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How a Hindu became the first layperson in India to be made a saint

Devasahayam Pillai, known as Lazarus, an 18th century Hindu convert to Christianity, became the first Indian layman to be canonized by the Church at the Vatican on Sunday, May 15.

A Hindu from what is now the southern state of Tamil Nadu, Devasahayam converted to Catholicism in 1745 while working at the royal palace, where he met a captured Dutch commander who taught him about Christianity.

But his faith, and his preaching of equality of all peoples — a revolutionary view at the time — caused a stir and when he refused to renounce his new religion, he was arrested.

After almost three years of imprisonment and torture, during which he began to be visited by pilgrims, he was shot dead in a forest on the orders of the king on January 14, 1752.

He was declared a martyr and beatified in 2012, before being later attributed the miracle of resuscitating a fetus in the 20th week of pregnancy.

Aside from Devasahayam, also named saints were Titus Brandsma, César de Bus, Luigi Maria Palazzolo, Giustino Maria Russolillo, Charles de Foucauld, Maria Rivier, Maria Francesca of Jesus Rubatto, Maria of Jesus Santocanale, and Maria Domenica Mantovani.

“The ten embodied holiness in everyday life and this is the idea that the Church needs to embrace,” said Pope Francis in his homily during the canonization Mass.

Devasahayam was recommended for the process of Beatification by the Vatican in 2004 at the request of the Diocese of Kottar, the Tamil Nadu Bishops’ Council, and the Conference of Catholic Bishops of India.

A miracle attributed to Devasahayam was recognized by Pope Francis in 2014, clearing the path for the canonization.

In 2013, a woman’s 24-week fetus was declared dead. The woman prayed to Devasahayam and drank water from the well of his house in Nattalam village in Tamil Nadu state. Within an hour, she felt better and underwent another scan.

“The fetus showed signs of life and three months later, the woman gave birth to a healthy baby boy,” said Father V Hilarius, vicar general of Kottar diocese.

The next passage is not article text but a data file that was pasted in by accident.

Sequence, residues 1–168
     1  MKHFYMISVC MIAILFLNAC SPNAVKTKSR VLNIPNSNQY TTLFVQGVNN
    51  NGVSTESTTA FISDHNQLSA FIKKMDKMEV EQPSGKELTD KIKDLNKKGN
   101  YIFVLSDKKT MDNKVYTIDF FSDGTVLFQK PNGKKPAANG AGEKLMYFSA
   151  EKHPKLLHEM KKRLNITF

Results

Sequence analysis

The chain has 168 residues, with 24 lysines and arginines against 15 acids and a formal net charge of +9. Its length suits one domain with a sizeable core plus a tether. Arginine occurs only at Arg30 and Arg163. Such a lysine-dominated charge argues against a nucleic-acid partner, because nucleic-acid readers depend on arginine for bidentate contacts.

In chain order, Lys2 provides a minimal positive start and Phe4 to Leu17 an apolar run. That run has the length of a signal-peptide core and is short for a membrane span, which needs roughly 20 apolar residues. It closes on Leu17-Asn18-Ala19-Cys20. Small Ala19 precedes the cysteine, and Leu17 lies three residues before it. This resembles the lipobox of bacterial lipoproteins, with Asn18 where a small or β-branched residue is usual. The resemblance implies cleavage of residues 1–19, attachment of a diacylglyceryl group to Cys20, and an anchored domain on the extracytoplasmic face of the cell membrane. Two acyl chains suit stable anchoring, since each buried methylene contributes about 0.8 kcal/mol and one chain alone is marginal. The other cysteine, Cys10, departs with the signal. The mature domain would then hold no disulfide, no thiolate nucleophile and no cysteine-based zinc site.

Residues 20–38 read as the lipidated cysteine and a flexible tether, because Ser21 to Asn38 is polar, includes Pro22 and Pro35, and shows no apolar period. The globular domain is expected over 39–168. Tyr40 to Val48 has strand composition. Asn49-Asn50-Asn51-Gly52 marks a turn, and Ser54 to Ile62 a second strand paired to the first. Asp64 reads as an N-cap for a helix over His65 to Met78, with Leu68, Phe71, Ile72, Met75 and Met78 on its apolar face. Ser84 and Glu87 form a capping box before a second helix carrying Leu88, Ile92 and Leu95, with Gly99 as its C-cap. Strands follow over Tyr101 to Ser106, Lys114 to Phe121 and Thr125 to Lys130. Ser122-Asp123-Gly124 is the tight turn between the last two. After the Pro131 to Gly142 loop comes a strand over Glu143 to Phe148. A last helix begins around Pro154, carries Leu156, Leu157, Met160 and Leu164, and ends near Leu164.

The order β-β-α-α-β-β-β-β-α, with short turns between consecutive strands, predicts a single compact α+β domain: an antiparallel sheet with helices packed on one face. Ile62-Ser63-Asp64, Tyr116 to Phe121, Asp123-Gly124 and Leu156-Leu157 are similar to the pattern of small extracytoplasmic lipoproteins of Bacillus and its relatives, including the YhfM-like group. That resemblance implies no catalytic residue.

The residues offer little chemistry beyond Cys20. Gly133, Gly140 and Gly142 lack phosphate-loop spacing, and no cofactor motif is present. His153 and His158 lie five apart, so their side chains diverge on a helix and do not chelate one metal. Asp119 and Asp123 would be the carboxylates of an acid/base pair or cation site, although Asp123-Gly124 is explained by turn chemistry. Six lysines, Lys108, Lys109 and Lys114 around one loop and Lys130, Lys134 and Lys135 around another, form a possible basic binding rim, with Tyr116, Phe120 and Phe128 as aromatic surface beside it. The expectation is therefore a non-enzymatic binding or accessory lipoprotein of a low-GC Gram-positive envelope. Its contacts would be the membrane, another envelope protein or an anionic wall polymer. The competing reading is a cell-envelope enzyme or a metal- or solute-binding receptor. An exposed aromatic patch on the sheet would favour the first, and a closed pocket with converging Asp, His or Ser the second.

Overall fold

Blessed Devasahayam is believed to have prayed on this rock and left imprints of his knee and elbow. (Photo licensed under the Creative Commons Attribution-Share Alike 3.0)

Born Neelakantan Pillai to a temple priest Vasudevan Namputhiri and Devahi Amma on April 23, 1712, at Nattalam village in Tamil Nadu’s Kanniyakumari district, Devasahayam was educated and trained in archery and the use of other weapons.

He was attached to the royal court of King Marthanda Varma. At that time, Neelakantan came in contact with Eustachius Benedictus De Lannoy, a Dutch military officer, who was arrested by King Varma after the Dutch were defeated in the Battle of Colachel in 1741.

De Lannoy introduced Devasahayam to the Catholic faith. On May 14, 1745, Father Giovanni Baptista Buttari baptized him and rechristened him as Lazarus or “Devasahayam” in Tamil language, meaning “God is my help,” said Father John Kulandai, vice postulator for the Cause of Canonization of Martyr Devasahayam.

Devasahayam began to evangelize in the region and converted many people, including his wife, to Christianity. He also championed the rights of lower castes, speaking vehemently against caste oppression.

His action aroused the hatred of higher classes and he was arrested in 1749. After enduring increasing hardships, he received the crown of martyrdom when he was shot on January 14, 1752.

“Nothing deterred him from his faith in Jesus, not even death threats. Nothing frightened him from preaching the equality of all people at a time and place where caste and religious differences were deep-rooted,” said Father Suresh Mathew, editor of the Indian Currents weekly.

Three of the seven years of his being Catholic were spent in prison.

Devasahayam’s mortal remains were interred near the altar at St. Xavier’s Church, Kottar, which is now the diocesan cathedral.

While furthering the cause of his canonization, the Vatican was urged to drop Devasahayam’s last name “‘Pillai” as it was a caste title.

The request was granted in February 2020, when the Vatican cleared him for sainthood and the name “Pillai” was dropped from his name, referring to him as “Blessed Devasahayam.”

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